The Plymouth State University Search Committee has selected four finalists for consideration as the next president of the University, Committee Chair Eugene Savage announced today. The four finalists are: James McCarthy, dean of the School of Health and Human Services at the University of New Hampshire; Christopher Hopey, vice president for adult and continuing education at Northeastern University; Virginia Barry, provost and vice president for academic affairs at Plymouth State University; and Sara Jayne Steen, dean of College of Letters and Science at Montana State University.
The finalists will be visiting Plymouth within the next few weeks for final interviews and other events, including opportunities for students, staff, faculty, alumni, Greater Plymouth Community, and the general public to interact with them. A full schedule of these meetings will be distributed shortly.
In addition, citizens and community business leaders in the Greater Plymouth area are invited to meet with the candidates at 7:30 p.m. in the Plymouth Regional Senior Center on the following dates:
James McCarthy – Tuesday, February 28
Christopher Hopey – Thursday, March 2
Virginia Barry – Tuesday, March 7
Sara Jayne Steen – Thursday, March 9
“This has been a rigorous process. We have read about, researched, and talked to many highly qualified individuals who have expressed interest in being the next president at PSU and are very pleased with the four candidates we are presenting to the Greater Plymouth community,” said Savage, a 1958 PSU alumnus and a member of the University System of New Hampshire (USNH) Board of Trustees.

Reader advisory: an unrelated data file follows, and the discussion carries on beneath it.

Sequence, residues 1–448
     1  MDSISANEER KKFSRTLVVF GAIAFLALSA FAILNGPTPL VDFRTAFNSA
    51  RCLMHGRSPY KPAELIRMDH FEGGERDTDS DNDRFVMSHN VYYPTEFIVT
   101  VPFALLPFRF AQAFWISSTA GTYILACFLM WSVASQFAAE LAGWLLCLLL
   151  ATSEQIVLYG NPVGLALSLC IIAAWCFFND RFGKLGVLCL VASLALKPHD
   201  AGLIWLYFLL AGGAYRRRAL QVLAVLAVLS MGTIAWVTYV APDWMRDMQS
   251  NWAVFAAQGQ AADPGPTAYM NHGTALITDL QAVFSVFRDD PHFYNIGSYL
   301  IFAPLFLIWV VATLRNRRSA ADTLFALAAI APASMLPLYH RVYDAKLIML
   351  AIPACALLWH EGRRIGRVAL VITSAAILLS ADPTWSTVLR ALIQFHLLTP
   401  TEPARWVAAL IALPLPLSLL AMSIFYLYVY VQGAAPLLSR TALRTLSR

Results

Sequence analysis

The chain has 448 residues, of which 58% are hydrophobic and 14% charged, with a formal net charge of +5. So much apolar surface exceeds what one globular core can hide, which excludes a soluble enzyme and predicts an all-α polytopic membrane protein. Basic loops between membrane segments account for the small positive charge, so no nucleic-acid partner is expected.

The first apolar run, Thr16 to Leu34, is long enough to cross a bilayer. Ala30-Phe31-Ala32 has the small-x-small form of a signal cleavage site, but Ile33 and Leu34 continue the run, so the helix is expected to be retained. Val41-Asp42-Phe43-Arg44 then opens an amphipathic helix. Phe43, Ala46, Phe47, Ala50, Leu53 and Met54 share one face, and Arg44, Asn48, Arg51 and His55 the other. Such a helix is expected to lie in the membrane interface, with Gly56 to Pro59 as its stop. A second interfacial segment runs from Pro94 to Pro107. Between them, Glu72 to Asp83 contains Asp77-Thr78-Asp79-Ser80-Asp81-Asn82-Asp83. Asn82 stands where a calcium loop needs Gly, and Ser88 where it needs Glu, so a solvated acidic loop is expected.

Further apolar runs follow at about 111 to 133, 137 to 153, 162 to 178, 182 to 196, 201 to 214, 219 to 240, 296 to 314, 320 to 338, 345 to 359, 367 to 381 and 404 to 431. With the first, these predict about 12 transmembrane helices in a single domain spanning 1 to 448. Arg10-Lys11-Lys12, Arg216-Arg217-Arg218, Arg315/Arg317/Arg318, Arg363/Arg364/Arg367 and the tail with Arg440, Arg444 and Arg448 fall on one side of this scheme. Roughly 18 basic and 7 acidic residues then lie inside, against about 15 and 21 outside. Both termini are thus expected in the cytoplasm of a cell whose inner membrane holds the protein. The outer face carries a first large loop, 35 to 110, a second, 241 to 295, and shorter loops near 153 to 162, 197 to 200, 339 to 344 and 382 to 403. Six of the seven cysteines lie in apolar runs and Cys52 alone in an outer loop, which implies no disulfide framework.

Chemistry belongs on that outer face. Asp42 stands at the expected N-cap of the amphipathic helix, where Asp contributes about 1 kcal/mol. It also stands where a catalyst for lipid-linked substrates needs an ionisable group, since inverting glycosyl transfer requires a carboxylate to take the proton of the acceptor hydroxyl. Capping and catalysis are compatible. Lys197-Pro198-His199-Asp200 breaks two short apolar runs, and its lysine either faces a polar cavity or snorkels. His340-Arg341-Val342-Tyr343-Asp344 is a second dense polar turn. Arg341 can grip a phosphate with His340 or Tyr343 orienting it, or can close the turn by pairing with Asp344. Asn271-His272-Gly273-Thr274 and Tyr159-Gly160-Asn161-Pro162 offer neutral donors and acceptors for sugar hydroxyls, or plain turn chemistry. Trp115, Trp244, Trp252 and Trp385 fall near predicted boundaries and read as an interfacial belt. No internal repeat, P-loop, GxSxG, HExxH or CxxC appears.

Biographies of the candidates (in order of their campus visits) follow:
James McCarthy, Ph.D. has been the dean of the School of Health and Human Services (HHS) and professor of health management and policy at the University of New Hampshire since 2001. In this role, he leads 2,100 undergraduate and graduate students and 150 full-time faculty who teach in eight departments and who conduct research and provide direct services through six centers and institutes. >From 1988-2001 Dr. McCarthy was the director of the Heilbrunn Center for Population and Family Health at Columbia University, and Heilbrunn Professor of Public Health.
From 1984-1988, Dr. McCarthy was the director of The Hopkins Population Center at The Johns Hopkins University. Dr. McCarthy’s teaching and scholarship include 26 years of undergraduate and graduate teaching at Johns Hopkins, Columbia, Trinity College Dublin, and the University of New Hampshire in schools of arts and science, public health, health and human services, and medicine. He has done extensive research and community outreach work in demography and reproductive, adolescent, and community health, carried out in the United States and numerous countries throughout the world with financial support from state, federal, and international public agencies and private foundations.
Dr. McCarthy received an A.B. in sociology from the College of the Holy Cross in 1971, an M.A. in sociology from Indiana University in 1972, and his Ph.D. in sociology from Princeton University in 1977.
Christopher Edward Hopey, Ph.D. Since 2003 Dr. Hopey has been the vice president for adult and continuing education at Northeastern University and has served as an associate professor in the School of Education. As vice president, he serves as the chief academic and administrative officer for the Division of Adult and Continuing Education, which includes the School of Professional and Continuing Studies, the Lowell Institute School for Engineering Technology, Executive and Corporate Education, the Institute for Graduate Studies and Professional Development in Education, the Bouve Institute for Leadership in Healthcare, Northeastern University Online, Network Northeastern, Northeastern’s Burlington, Dedham and Downtown Campuses, the Emergency Medical Services Institute, and the English Language Center. From 1991 to 2003 he was employed by the University of Pennsylvania where he served as the vice dean for the Graduate School of Education (2001-2003); executive director, Graduate School of Education (1998-2003); associate director and senior researcher at the National Center on Adult Literacy (1996-1999); project director & researcher, National Center on Adult Literacy (1993-1996): and as a Literacy Fellow (1991-1993).